Review: Venus’ Daughter (Obsidian Theatre Company)

Akosua Amo Adem by Lyon SmithVenus’ Daughter is near-perfect theatre, now gracing the Toronto stage

I have a confession: I’m always a bit afraid after a show, because I know I have to write a review, and as a writer, I’m always a bit afraid I won’t find the right words. After seeing Obsidian Theatre Company’s Venus’ Daughter tonight at The Theatre Centre, I’m a few notches below terrified.

After all, how does one even begin to describe seeing what may quite possibly be the most incredible piece of theatre in their personal theatre-going experience? Venus’ Daughter – a play about the intersections of history, objectification, pop culture, self-love, and the way women’s bodies are viewed – may be that play for me.

Even now, three hours after the lights went up and the crowd whooped, hollered, and cheered through an opening night standing ovation, I still have goosebumps all over. I have this sense of “I’m not worthy of even reviewing this show,” but Mooney On Theatre has entrusted me to share my impressions, so here they are.

First, let me implicitly state my biases. If you’ve read any of my other reviews, you may have noticed I gravitate towards The Theatre Centre. Often. And I tend to love the shows I see there, hence the always returning for more.

I’m a fan of Obsidian Theatre Company, and am a bit of a Philip Akin (Obsidian’s artistic director, and the show’s director) fan girl. I’m also a total sucker for anything that disrupts the white supremacist narrative of our society, and especially anything that celebrates Black women’s experiences, struggles, beauty, and triumphs. So I went in with some pretty high hopes.

Those hopes were completely satiated, and then some. My companion Yossie and I were immediately struck by the incredible staging – a sort of tunnel/cage structure, surrounded by fabric, being lit with a shimmering water effect. I don’t want to give too much away, but that staging was actually an incognito vessel for several hidden elements revealed later. We were surprised throughout the entire show.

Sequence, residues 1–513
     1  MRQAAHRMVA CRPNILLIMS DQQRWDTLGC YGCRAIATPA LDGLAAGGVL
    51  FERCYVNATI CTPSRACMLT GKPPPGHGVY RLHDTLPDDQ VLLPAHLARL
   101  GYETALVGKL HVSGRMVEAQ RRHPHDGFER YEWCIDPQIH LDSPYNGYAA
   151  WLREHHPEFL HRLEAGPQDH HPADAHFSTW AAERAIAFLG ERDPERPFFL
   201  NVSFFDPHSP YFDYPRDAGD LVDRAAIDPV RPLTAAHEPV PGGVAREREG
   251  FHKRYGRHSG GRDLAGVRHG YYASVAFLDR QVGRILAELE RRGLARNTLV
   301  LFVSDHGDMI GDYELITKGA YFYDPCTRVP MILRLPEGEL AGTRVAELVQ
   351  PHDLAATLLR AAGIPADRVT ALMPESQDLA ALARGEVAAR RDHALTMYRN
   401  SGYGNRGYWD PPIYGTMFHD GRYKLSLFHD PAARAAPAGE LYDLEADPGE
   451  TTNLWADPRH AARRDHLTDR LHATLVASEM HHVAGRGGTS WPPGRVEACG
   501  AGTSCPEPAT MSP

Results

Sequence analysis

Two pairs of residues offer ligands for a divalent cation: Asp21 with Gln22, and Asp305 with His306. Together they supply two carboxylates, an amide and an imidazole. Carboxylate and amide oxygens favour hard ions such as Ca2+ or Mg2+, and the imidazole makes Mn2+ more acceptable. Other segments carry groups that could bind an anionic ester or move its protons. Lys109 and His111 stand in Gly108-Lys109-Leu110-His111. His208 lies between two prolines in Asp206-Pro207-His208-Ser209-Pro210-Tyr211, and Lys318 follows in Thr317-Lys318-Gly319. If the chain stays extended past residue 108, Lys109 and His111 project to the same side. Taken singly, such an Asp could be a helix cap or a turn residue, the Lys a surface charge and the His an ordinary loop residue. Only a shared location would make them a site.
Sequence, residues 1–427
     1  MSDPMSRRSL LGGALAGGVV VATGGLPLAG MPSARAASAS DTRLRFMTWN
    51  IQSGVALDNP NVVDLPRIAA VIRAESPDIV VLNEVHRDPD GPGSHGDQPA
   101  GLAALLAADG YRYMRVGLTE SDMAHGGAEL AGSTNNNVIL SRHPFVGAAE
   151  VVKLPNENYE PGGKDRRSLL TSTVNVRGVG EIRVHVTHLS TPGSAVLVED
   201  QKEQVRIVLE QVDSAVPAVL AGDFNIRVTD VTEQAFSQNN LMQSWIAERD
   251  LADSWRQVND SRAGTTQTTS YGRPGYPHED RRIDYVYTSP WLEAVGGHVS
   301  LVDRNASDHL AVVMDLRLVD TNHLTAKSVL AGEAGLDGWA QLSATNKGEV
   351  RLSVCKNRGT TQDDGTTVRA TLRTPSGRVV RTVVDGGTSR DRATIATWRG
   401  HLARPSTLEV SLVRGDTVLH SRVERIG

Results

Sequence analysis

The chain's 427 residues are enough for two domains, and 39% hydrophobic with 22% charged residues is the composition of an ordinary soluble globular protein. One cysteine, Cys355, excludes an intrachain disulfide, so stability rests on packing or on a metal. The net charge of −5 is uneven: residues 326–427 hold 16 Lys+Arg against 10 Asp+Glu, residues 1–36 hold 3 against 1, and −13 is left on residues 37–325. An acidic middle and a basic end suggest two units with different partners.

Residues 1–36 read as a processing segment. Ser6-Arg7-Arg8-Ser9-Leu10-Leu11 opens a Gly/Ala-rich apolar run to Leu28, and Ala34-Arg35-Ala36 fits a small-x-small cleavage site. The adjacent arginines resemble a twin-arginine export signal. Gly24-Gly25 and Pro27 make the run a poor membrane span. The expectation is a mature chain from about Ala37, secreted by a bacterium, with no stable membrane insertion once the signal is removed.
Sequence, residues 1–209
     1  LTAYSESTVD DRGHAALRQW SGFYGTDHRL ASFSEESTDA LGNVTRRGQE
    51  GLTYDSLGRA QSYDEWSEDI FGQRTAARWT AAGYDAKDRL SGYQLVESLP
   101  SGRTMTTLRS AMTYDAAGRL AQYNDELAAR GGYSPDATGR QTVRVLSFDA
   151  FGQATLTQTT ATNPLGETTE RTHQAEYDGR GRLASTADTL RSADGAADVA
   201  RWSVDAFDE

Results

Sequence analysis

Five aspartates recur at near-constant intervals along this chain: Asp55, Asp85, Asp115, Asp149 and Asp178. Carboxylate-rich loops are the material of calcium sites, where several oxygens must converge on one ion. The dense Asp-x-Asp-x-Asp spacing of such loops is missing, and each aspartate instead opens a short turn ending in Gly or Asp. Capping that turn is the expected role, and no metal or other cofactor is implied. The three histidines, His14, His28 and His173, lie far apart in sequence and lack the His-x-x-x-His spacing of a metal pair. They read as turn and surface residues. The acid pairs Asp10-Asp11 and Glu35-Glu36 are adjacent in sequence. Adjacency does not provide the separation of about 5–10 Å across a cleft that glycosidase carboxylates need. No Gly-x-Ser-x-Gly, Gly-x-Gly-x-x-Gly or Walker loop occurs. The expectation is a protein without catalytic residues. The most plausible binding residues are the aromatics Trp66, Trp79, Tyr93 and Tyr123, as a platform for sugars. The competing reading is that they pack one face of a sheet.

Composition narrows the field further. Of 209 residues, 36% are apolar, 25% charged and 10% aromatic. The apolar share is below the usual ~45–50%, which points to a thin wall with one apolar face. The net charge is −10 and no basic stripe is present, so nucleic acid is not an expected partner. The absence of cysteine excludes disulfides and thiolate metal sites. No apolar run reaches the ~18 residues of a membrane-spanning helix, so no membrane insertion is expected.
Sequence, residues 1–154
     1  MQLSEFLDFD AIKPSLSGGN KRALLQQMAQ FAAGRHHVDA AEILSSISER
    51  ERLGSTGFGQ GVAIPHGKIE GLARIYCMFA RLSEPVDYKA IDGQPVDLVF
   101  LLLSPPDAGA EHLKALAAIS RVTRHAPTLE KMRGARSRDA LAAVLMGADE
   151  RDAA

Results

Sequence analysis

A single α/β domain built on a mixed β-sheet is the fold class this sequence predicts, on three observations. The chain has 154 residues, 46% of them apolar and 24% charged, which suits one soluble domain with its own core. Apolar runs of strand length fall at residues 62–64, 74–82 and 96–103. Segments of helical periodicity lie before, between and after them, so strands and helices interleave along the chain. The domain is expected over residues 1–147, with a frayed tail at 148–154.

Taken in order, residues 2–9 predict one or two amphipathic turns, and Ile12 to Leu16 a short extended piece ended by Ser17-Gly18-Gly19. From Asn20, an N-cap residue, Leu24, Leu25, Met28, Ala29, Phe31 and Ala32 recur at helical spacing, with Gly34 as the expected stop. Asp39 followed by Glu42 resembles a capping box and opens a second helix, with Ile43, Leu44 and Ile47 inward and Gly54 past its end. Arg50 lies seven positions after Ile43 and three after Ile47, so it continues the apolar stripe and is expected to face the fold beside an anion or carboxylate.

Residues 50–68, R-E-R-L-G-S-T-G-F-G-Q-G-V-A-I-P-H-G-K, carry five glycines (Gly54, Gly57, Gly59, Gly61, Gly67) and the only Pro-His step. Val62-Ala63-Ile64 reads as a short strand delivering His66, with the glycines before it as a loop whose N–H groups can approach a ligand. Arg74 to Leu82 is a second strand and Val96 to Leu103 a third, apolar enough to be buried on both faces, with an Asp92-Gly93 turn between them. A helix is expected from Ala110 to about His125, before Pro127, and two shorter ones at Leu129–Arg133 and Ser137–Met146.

And then in walks Venus (Akosua Amo-Adem, who also plays several other roles) – bold, commanding, soft, smiling – and I’m immediately captivated. It’s not until shortly after the play begins that I realize the titular Venus is Saartjie (Sara) Baartman – also known as “The Hottentot Venus” – not the Greek Goddess.

Baartman’s story is one which exemplifies the racist objectification, hypersexualization, and violence inflicted on Black female bodies (a legacy which continues today). She was stolen, brought to Europe, caged, and put on display like a zoo animal. If you don’t know anything about Sara Baartman, I’d suggest reading even a basic primer on her life.

In one of the most creative entrances I’ve ever seen, we then meet Cesar (played by the incredibly multi-talented Kaleb Alexander), who is at once terrifying, beautiful, and alluring. Kaleb also plays a wide variety of other characters, including 9-year old Denise (Venus’ daughter, talented playwright and lead Meghan Swaby). The sheer range of characters he manages to flawlessly portray – from Cesar, to the hilarious Kid, to the horrific Dr. George Cuvier – made his performance stand out to me.

The entire cast of three knocked my socks off. Denise’s character was so giving, raw, open, and honest, and her story so relatable – feeling small and huge, ugly and beautiful all at once – that my eyes welled up several times. Not only from the pain of similar experiences of living in a large body, but from seeing these incredible, beautiful women bring such intense pain, joy, and ultimately transformation to life in front of me.

As we watch Denise grasping her roots, facing her fears, wildly and unwillingly dancing, stage magic is happening all around us. Water is flowing and stars are shimmering via overhead lighting. Sounds and movements are perfectly timed. I found one particular scene where Venus is pulling Denise around like a marionette especially impressive.

My companion and I both agreed: we have no complaints about this show. This is theatre by, about, and for Black folks (though I believe anyone could fall in love with this show as I did). In my opinion, Toronto needs much more of it.

If you aren’t afraid of a bit of magic, intense and polarized emotions, facing the horrific realities of European colonialism’s history and legacy, and witnessing a woman’s very personal and loving journey, then get yourself to The Theatre Centre ASAP and see Venus’ Daughter. Nothing would please me more than a completely sold-out run. My companion and I may even return for another viewing with some friends.


    • Venus’ Daughter is playing until February 28, 2016 at The Theatre Centre (1115 Queen Street West)
    • Please see website for showtimes
    • Ticket prices range from $20 – $35, and are available online, or through the box office at 416-538-0988
    • This show contains nudity and mature content
    • Content warning for portrayals of sexual violence

Photo of Akosua Amo-Adem by Lyon Smith